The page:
Looking ahead: Micah Parsons is (potentially) the best linebacker prospect since Luke Kuechly


Stop me if you’ve heard this one before: The Penn State Nittany Lions have a dominant player at linebacker.

Over the years, the Penn State program has produced All-American linebackers such as LaVar Arrington, Paul Posluszny, Shane Conlan, Jack Ham and Dan Connor as well as other notable NFL talents like Sean Lee, Brandon Short and others. The program is safely in the running for “LBU,” yet it’s reasonable to suggest that current talent Micah Parsons has the potential to be the best of them all. In fact, Parsons is capable of becoming the best linebacker prospect to enter the NFL Draft since Luke Kuechly.

Parsons became the first sophomore to ever win Big 10 linebacker of the year last season, a year in which he was the highest graded run defender in the country according to Pro Football Focus. At just 20 years old, he was named first-team AP All-American and Cotton Bowl MVP.

Parsons posted 109 total tackles last season, to go along with five sacks, five passes defended and four forced fumbles. In five of Penn State’s biggest games (Michigan, Michigan State, Minnesota, Ohio State and Memphis), Parsons had 61 total tackles, three sacks and three forced fumbles.

Looking at Parsons’ film, he has a three-down game that will translate to the NFL when he likely declares in 2021. Against runs to the outside, Parsons basically has a GPS tracker hooked up to the football and the speed to chase it down. His range is essentially unlimited with his length at 6-3 and easy acceleration.

Equally as impressive as his ability to scrape laterally is how Parsons deal with blocks in close quarters. When the offensive play develops and blockers work their way towards him, Parsons does a great job of fending off contact with his forearm. This allows him to maintain his gap integrity, keeping his momentum into contact and wrapping up ball carriers.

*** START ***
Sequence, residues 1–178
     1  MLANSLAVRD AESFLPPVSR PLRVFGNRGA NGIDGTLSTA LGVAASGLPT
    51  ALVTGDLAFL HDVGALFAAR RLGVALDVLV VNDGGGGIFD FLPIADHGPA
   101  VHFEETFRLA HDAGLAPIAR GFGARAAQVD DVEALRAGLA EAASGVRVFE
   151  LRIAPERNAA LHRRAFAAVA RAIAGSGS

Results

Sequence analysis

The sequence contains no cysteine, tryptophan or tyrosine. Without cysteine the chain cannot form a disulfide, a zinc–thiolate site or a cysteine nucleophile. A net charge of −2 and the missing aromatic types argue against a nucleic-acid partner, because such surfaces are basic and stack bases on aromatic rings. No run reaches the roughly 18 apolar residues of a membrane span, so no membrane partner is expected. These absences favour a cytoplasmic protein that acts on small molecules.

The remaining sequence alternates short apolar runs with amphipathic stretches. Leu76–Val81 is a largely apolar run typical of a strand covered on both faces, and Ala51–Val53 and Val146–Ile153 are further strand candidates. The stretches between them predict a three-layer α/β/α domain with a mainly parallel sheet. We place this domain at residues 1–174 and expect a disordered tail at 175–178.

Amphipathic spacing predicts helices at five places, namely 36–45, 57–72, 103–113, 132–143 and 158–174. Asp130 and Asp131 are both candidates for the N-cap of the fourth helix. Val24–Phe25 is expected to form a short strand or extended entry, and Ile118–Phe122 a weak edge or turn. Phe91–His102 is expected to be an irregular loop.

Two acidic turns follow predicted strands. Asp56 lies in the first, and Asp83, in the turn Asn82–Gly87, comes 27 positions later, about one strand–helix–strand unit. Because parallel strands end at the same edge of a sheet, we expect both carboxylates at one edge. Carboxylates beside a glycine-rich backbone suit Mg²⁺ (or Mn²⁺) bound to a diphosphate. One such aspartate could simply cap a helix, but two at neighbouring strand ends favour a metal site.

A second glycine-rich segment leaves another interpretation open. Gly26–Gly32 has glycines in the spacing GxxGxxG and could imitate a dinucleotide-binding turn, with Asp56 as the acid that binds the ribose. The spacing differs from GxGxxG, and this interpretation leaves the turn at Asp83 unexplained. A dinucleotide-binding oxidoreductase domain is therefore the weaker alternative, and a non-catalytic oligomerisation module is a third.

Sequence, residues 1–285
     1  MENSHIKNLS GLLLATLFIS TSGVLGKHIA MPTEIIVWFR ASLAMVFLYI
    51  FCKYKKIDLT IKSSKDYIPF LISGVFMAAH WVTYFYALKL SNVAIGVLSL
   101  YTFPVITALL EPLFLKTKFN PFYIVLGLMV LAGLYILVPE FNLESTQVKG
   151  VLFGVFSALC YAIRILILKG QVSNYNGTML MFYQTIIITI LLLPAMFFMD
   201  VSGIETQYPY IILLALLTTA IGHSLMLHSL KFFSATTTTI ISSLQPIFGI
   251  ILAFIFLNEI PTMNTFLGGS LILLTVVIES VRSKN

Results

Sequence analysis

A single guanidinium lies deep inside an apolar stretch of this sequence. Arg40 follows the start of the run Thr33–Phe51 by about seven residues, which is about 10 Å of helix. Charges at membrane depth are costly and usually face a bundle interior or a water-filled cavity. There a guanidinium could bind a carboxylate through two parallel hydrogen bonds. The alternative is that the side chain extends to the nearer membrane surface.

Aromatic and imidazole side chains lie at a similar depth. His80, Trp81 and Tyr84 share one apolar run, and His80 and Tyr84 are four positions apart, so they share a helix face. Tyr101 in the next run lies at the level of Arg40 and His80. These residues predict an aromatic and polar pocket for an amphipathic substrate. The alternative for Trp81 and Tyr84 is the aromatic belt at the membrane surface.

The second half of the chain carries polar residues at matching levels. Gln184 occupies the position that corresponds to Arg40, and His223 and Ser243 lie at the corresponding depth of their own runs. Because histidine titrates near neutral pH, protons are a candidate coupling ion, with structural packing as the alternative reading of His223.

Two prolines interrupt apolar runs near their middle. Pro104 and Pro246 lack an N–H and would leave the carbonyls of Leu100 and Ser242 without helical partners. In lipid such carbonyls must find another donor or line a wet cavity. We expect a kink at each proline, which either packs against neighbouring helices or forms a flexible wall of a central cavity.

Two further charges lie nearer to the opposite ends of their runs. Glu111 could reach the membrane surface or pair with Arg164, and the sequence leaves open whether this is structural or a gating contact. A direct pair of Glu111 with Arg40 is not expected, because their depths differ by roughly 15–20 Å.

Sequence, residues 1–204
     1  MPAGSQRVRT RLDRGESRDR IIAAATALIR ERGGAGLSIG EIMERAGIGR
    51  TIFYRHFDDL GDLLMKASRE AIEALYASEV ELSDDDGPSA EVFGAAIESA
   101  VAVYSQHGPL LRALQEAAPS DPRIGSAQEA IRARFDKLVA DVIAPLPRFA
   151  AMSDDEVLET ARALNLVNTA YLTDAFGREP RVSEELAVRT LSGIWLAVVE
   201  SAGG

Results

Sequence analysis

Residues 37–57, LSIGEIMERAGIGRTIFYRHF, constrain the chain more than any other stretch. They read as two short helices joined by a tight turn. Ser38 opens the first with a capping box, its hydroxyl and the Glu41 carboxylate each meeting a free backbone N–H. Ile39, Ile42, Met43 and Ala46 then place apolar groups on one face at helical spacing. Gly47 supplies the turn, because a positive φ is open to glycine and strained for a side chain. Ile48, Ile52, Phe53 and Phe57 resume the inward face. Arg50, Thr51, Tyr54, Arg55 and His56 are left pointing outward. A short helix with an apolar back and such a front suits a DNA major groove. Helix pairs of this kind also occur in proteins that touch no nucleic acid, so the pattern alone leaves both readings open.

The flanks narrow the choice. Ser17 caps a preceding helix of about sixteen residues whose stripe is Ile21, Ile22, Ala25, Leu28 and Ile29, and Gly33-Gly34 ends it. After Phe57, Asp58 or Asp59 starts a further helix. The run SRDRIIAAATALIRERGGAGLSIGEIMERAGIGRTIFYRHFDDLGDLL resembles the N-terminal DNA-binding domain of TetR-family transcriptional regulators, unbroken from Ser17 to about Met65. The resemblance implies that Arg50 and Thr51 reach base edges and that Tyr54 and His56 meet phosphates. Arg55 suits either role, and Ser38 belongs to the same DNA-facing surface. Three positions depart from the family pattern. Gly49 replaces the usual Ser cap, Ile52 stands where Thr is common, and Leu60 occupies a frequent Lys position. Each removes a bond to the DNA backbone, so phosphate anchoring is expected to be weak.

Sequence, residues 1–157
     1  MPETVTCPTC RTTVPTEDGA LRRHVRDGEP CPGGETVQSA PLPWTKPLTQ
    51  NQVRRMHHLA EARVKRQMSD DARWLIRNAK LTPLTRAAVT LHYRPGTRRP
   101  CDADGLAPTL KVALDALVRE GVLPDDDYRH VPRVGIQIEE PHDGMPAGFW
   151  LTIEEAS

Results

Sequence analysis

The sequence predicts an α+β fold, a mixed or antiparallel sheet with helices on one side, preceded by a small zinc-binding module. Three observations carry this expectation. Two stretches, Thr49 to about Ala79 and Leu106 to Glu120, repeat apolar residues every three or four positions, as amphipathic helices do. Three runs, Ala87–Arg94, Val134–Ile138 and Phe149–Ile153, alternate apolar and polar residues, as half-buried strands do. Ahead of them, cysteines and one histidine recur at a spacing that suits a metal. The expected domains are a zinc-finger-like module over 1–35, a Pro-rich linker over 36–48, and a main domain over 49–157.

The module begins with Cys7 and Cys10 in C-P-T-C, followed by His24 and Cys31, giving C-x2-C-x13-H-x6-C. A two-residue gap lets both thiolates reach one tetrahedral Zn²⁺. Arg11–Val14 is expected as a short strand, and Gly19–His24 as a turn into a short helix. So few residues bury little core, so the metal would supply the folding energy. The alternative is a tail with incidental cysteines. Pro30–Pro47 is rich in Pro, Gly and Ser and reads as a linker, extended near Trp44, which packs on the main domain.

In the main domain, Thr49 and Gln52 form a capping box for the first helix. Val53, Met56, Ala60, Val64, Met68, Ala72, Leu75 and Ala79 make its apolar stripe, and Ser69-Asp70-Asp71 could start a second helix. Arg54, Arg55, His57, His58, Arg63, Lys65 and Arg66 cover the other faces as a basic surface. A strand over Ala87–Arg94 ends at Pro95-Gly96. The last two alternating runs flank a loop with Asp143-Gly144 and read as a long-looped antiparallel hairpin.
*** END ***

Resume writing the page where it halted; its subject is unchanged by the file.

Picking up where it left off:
I’ve seen this technique called the “Gladiator,” as the forearm acts as a shield from the blocker. While it keeps half of the body free to disengage, it’s a technique that takes freak athleticism in order to pull off with consistency because it allows for an easier bounce to a different gap. Regardless, Parsons’ size allows him to corral ball carriers even when they attempt to change gaps.

While Parsons is obviously talented when tasked with stopping the run, he has equal value against the passing game. Parsons’ ability to blitz the pocket is special on all accounts. He can time up the snap count to come free through a gap, stay tight on stunts to beat offensive linemen, fight through pass sets or redirect to close on the quarterback.

When he gets the quarterback in his grasp, Parsons will look to force a turnover. Parsons has a rare combination of athleticism and power for the position, but his technique on blitzes is equally as special.

Parsons’ ability on passing down isn’t limited to blitzing, as the 244-pounder is more than capable in coverage. He can match tight ends up the seam as well as stay disciplined in his zone responsibility. One aspect of his coverage that is impressive is his patience, as he won’t open the gate early and has the quickness to close space in a hurry.

While defending Memphis’ Antonio Gibson, a potential top-100 pick who played both running back and wide receiver, Parsons stayed patient through the break and beat Gibson to the catch point for the pass breakup.

Parsons has elite traits for a linebacker from a size and athleticism perspective, but what makes him so intriguing is his instincts for the position. He has the versatility to take reps and thrive at stand-up linebacker, edge rusher and the overhang. Parsons has the potential to be the best linebacker prospect in years, and will be an early favorite for a top pick in 2021. With his production, traits shown on film and continued development from his time as a top five overall recruit, Parsons has the makings of a future All-Pro in the NFL.